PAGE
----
Day 18 – Of summers gone by

19 Jan

I think all my summer vacations  from the age of 8 to 19 were spent at both my grandparents’ houses in Chennai. As my parents both worked, I was often shipped off alone after exams to spend time with my grandparents and aunts and uncles. Thinking back , I don’t think I really looked forward to the time much due to a few reasons. For one, there was much scrutiny on what I wore. My shorts and ratty tees were never allowed to be packed and instead I had to take the pants , longer skirts and dreaded few salwar kameezes that I owned. Secondly , I never enjoyed being away from my parents , especially those first few years from age 8- 12 when they started this for me. My parents were also a protective shield for me from mean, nosy relatives in the extended family who I invariably had to meet when I went to Chennai. The summer after I started wearing glasses was especially painful as I endured a lot of questions on what my number was etc that pissed me off no end. Then another year ,I remember begging my mom to have me back in Bombay by the time class 10 board exam results came out, as I couldn’t bear the humiliation of having to find out my results in Chennai as they might be lower than those of cousins from eons ago.( Of course, no one would take into account I was in a relatively tougher board where getting “centum” is almost impossible).

Anyway , despite these few depressing moments that I associate with my Chennai trips, I now look back as special time I got with my grandparents.I now have only one surviving grandmother and  realize my time with that generation was so limited and I am honestly thankful for those summers.

So here are the happy things I remember. At my paternal grandparents’ house, my grandfather would always have a small bar of chocolate ready for me, usually a five star. He continued doing this well past me being in college. My sister who is 9 years younger to me, got one and I did too despite being 19 years old. He would also have my favorite orange cream biscuits ordered and in a tin for me.The old guy who sold puffed rice ,( pori in Tamil) who went from house to house since the time I was two yesrs old,  would be summoned specially for me. My grandmother would have her special ginger lemon squash made for me and I actually tried to get her recipe as I grew older but almost fainted when I heard how much sugar was needed for the sugar syrup! I had full access to a mini library of Enid Blytons and Tin Tins that my dad and his siblings had amassed over their childhood memories . I simply lay on the Diwan in the hall  for hours each day with my cousin’s dog at my feet and devoured the books and the goodies alike.My holiday homework which always involved drawing would be assigned to my older cousin who would grumble but do it eventually. My grandfather insisted the swings be brought out of storage and installed in the garden and balcony during my visit and I spent a lot of the day on those as well. I walked the dog with whoever was taking him and often got ice cream.My grandparents always insisted on giving me money during my visit for a special something – sometimes a dress, once a calculator when I started engineering , the Oxford dictionary when I was in high school.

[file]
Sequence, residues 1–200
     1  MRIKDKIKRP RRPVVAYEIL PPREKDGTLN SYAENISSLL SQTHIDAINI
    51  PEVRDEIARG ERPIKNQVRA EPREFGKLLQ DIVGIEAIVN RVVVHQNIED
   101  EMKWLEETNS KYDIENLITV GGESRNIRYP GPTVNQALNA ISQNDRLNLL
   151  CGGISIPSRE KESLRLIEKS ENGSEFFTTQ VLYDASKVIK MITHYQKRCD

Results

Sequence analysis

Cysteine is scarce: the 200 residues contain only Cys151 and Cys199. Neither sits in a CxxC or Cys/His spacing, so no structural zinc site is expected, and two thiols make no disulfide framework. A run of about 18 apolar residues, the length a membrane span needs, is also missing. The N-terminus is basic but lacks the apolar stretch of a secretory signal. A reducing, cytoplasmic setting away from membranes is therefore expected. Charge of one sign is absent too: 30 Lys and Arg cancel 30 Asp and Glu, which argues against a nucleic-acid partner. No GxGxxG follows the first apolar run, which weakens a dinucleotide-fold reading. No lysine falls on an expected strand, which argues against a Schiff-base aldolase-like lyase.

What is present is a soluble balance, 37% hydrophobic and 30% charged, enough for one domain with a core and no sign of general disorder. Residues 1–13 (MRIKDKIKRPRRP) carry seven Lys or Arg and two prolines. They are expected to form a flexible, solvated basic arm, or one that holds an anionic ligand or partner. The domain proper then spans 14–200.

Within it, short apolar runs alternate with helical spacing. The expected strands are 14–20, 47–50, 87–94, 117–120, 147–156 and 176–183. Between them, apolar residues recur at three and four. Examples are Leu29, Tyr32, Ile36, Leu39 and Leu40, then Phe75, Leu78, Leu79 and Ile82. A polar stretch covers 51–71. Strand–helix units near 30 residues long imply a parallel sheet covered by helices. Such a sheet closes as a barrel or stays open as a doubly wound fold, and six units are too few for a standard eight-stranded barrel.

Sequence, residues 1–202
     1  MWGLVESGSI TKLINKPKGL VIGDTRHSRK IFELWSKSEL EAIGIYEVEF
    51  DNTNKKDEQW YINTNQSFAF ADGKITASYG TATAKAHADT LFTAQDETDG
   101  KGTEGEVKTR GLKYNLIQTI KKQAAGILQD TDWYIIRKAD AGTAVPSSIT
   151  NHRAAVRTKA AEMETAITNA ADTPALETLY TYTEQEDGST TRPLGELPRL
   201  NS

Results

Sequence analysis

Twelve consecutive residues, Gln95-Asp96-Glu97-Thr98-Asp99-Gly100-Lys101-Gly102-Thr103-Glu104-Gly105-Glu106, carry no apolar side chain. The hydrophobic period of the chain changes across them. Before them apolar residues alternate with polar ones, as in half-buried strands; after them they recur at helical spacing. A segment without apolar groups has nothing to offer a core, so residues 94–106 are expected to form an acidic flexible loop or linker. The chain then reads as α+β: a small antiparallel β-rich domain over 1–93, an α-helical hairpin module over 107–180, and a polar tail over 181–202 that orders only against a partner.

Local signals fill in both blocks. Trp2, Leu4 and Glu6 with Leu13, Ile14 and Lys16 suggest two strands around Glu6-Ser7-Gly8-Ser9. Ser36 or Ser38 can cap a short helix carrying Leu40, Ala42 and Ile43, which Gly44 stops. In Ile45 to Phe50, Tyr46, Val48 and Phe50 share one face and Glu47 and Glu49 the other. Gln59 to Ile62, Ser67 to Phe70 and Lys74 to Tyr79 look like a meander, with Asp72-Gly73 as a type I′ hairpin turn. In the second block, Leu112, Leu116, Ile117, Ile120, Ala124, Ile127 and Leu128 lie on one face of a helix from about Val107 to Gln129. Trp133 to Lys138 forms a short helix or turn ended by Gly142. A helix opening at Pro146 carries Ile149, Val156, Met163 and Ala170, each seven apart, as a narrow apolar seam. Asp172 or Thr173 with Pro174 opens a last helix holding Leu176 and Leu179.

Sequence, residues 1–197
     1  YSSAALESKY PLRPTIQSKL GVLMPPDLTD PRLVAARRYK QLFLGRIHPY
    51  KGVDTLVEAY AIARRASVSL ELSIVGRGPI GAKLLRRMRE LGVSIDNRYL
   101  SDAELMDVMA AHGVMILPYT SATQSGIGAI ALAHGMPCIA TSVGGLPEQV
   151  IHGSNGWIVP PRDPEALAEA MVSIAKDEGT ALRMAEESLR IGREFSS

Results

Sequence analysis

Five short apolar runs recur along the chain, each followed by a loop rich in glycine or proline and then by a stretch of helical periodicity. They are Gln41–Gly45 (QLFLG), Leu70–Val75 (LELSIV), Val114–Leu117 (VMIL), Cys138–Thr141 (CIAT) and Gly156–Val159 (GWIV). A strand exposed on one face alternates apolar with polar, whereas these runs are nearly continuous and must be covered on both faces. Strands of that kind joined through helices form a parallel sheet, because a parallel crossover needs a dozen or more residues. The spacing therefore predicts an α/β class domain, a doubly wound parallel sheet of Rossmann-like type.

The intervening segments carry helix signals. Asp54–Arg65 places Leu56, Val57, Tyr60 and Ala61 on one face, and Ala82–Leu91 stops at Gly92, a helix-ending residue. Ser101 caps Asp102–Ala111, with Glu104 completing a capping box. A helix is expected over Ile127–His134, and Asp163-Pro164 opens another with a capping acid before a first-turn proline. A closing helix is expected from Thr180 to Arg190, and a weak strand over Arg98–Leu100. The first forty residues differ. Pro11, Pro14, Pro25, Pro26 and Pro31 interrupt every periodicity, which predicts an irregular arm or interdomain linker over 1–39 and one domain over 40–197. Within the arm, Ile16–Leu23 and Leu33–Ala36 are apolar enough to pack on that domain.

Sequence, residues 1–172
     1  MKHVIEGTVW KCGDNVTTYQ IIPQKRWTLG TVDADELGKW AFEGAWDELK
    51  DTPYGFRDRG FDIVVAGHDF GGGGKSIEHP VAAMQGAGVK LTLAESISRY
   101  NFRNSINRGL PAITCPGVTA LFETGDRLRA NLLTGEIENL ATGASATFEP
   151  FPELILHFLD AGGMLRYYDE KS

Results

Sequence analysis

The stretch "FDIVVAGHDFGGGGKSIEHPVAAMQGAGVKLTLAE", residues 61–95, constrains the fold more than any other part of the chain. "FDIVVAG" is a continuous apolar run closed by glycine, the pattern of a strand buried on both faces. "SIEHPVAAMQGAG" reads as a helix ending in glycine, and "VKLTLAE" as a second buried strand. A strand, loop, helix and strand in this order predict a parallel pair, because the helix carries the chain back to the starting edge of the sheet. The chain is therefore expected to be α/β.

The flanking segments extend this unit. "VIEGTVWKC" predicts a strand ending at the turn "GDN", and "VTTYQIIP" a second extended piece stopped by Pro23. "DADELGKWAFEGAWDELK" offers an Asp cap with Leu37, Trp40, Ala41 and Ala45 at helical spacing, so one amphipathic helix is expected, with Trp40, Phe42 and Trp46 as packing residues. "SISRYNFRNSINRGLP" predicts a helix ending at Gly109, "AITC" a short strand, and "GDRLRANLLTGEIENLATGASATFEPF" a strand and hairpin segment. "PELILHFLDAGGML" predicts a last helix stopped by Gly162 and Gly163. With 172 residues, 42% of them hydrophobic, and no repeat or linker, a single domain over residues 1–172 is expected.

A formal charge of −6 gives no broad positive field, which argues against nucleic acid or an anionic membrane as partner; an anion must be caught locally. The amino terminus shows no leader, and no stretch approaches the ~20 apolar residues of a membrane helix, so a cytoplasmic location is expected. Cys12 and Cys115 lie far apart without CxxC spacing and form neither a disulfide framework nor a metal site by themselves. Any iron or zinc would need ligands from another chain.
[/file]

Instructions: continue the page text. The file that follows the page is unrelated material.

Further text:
At my maternal grandparents’ house , I got the remaining of my summer homework completed by other cousins. One was an awesome pulley system for my Science project on simple machines that blew my teacher’s socks off. I used to love sitting by my grandfather and listening to stories of the freedom struggle.I wish I had written them down. He also taught my rummy and we played game after game of this each day.  My grandmother never sat for a minute, she was on the go from 4:30 am to 9 pm. My grandfather however had one big role in the morning , bringing in the milk and making the morning coffee. After that it was all my grandmom. Tiffin twice a day , a scrumptious lunch and dinner to boot. Every evening my grandparents had some fixed Tamil serials they watched. I remember making them a time table each time I went there , so that they didn’t miss a show and blame each other. My grandmom always commented that I looked grubby , so once she brought in the ends of a coconut and scrubbed me well at the bathroom, especially my black knees and elbows. She also insisted in giving me the best oil massages twice a week . My grandfather instilled in me a sense of financial responsibility. He explained the types of accounts to me and after accompanying him once , he sent me off to handle bank transactions on my own – at the age of 8 / 9! The bank was across the street and quite safe. As I grew older, I helped him organize his financial investment files and typed and printed out cover pages for each file for easy reference.There was an apartment building next to my grandparents’ house and ever evening I crossed the wall ( never through the gate) and went over to play with my friends. Every floor had kids my age and I was pretty much gone 4 pm to 9 pm. Occasionally my grandfather’s younger brother brought his granddaughter over to play and we had a great time despite minor fights. My grandmother fed an army of stray cats each day and one summer was particularly adventurous with one wild kitty entering the house and jumping on everybody and everything . My grandparents were the most hospitable people I knew and were forever hosting a bunch of relatives. So sleeping arrangements each night were in different rooms for me. I ensured though that my grandmother was close by each night, irrespective of whoever else was around. I remember being a bit of an insomniac most nights and listening to chimes of my grandparents’ hall clock every 15 minutes. My cousin who was in medical school was usually studying late and I would lie awake till she wrapped up. She would then come to bed and tell me a few stories before I drifted off to sleep. Gifts each summer from my maternal grandparents and aunts was customary too. I remember going shopping with my aunts for dresses and coming back with bagfulls to show my grandparents at home. Their eyes would light up when they saw the purchases. The vacation between class 4 and 5 when I graduated to ink pens was especially fun. My aunts and grandfather all got me a beautiful fountain pen each!